As a rule, the fork-marked lemur lives in a monogamous relationship with their mate. Once bonded, the lemurs live together in a hole in a tree and share their lives there. They reproduce only with one mate at a time. Both males and females participate in the raising of offspring, although the females tend to play a larger role in the lives of young ones than males do. This is a similar trait found in many primates, including other lemurs.
Many are dying because of deforestation in their homelands. Lemurs are tree-dwelling creatures, and forestry has become a popular industry that is taking the lives of these animals.
The average life expectancy for the fork-marked lemur is around twelve years. One infant is born to a lemur pair each season, and infants are expected to live with their parents until able to fend for themselves. Actual life span has decreased greatly since many lemurs have no trees to live in while in the wild, but lemurs who are under the care of humans tend to live around twelve years.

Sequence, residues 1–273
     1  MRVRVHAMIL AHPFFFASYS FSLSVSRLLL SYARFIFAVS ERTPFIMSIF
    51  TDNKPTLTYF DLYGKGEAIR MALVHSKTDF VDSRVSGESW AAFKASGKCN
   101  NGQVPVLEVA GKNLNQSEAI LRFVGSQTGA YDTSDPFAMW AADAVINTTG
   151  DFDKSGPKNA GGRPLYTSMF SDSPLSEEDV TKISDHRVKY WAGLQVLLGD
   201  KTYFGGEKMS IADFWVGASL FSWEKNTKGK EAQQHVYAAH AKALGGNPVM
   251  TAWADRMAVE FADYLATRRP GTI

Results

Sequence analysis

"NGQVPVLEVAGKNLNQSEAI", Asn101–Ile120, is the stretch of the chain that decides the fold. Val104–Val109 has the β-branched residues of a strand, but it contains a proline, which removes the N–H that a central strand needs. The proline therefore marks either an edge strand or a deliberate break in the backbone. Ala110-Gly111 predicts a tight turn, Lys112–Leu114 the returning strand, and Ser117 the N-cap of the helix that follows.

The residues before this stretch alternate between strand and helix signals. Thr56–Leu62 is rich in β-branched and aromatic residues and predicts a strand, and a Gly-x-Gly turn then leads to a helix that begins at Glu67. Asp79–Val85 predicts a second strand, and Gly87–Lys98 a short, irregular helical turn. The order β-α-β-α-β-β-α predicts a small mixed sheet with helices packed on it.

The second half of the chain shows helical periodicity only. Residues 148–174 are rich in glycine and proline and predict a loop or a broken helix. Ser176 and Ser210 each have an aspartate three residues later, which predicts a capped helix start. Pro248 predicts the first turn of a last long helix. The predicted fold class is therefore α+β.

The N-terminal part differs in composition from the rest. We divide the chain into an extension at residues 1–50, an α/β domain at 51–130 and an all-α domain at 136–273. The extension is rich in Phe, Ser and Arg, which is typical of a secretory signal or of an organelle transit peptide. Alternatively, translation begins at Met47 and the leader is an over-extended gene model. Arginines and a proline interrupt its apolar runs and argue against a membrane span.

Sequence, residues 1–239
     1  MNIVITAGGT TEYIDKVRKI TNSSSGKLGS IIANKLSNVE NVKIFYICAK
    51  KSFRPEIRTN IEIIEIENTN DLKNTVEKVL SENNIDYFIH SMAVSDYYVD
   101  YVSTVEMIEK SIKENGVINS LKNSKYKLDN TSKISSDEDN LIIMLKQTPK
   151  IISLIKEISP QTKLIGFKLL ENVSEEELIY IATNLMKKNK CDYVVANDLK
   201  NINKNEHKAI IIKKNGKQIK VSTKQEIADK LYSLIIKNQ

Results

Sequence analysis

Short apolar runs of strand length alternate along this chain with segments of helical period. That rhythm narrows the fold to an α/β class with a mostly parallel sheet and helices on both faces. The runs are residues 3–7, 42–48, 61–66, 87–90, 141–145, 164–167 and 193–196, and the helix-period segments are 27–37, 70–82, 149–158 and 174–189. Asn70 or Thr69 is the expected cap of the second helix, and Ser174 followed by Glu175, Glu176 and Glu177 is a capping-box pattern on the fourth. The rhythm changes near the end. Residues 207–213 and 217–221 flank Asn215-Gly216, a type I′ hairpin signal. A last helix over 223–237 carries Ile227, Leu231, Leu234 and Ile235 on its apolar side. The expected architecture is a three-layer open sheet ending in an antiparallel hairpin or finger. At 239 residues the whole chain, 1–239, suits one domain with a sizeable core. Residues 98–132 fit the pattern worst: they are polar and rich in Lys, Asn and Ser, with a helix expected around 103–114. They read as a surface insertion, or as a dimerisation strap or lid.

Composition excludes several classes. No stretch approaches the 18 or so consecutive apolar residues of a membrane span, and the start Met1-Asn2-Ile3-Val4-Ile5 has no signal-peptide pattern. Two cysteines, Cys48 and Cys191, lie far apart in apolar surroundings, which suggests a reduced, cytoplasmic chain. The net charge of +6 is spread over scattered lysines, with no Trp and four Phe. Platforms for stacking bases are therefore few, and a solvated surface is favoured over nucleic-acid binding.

These lemurs are most commonly known for their distinct markings on the face. The fork-marked lemur is named for its two black stripes that run from the eyes to the tip of the snout, making the animal stand out among its other lemur counterparts. These lemurs also possess large, bushy tails that can be between 29 and 37 centimeters long.
The Fork-marked dwarf lemur, fork-marked lemur, fork-marked mouse-lemur is listed as Near Threatened (LR/nt), is close to qualifying for or is likely to qualify for a threatened category in the near future, on the IUCN Red List of Threatened Species